Possibility of US-China collaboration in AI

Will work done by humans be replaced by artificial intelligence? According to a US-based AI industry leader, artificial intelligence (AI) technologies are designed to support and improve human labor, possibly leading to gains in productivity and efficiency. Ernst & Young, or EY, global chief innovation officer Jeff Wong emphasized the potential benefits of artificial intelligence (AI), which include cancer research, pharmaceutical problem-solving, and tackling environmental, social, and governance issues. Wong expressed his expectation that lawmakers and the administration will “race to keep up with the ideas that are coming out” to China Daily last week at the Asia Society in New York.


The exhortation to “go faster” demonstrates the conviction in AI’s transformational potential. In spite of requests to slow down, these potent AI systems never stop evolving. According to Wong, generative AI is getting better by roughly ten times every eighteen months. For instance, he claimed that ChatGPT releases are consistently more amazing and potent than the previous ones. However, the quick growth of AI has raised ethical and legal questions. Notable writers including John Grisham and the New York Times are suing OpenAI, the firm that created ChatGPT. The Times claimed intellectual property violation and launched the lawsuit in December. The business claims that ChatGPT and Microsoft’s Copilot steal content from the Times, reroute users to other websites, and damage their brand and bottom line.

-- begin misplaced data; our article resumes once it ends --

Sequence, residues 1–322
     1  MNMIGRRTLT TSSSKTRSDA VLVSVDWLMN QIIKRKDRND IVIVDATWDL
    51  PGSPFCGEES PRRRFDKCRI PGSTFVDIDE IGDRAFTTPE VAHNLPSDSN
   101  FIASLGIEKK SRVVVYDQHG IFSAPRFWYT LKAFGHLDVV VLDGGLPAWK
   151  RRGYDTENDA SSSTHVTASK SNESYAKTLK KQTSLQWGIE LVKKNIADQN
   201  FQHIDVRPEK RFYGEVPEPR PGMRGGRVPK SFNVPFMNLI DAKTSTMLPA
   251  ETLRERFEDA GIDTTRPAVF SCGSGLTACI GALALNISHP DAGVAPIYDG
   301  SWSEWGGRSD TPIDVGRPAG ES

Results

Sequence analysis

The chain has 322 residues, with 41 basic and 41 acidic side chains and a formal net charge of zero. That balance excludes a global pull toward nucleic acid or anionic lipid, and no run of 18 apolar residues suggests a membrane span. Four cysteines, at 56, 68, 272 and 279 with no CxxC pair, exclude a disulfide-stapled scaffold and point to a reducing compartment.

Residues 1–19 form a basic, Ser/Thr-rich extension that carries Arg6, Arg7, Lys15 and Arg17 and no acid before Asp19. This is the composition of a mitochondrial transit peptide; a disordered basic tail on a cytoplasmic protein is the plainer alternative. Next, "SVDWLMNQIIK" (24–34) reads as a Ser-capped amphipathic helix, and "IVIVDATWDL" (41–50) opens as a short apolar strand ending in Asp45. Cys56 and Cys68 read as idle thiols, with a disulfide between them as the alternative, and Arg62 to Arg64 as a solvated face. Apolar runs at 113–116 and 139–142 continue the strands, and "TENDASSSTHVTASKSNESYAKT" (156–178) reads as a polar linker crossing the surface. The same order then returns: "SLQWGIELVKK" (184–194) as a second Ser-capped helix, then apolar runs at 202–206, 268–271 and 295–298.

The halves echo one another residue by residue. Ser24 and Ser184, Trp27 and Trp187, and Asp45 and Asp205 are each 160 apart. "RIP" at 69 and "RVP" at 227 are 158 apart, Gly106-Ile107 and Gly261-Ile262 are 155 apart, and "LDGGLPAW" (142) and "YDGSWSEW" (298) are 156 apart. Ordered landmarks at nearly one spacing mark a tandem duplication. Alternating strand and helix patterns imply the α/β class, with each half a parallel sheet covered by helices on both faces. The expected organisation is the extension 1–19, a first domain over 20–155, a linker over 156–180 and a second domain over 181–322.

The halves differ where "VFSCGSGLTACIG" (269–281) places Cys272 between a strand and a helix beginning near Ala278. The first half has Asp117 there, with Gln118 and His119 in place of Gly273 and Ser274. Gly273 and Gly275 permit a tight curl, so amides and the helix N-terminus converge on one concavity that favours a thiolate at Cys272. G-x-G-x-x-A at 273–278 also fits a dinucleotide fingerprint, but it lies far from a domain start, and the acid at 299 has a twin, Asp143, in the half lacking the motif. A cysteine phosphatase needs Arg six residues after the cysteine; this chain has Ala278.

Wong underlined the need of international cooperation for common values as well as the advancement of laws, regulations, and research to keep up with technological advancements. OpenAI has an early advantage, but other businesses and open-source projects in the US and Asia, particularly China, also have players catching up, according to Wong. “In Asia and China, each region has to have a unique set of significant language model providers. They are undoubtedly racing as they go. Furthermore, many Asian enterprises must undoubtedly compete on the Asian platform, as seen by the regulatory pull-apart that we are witnessing. Thus, we’re witnessing it as well,” Wong stated.



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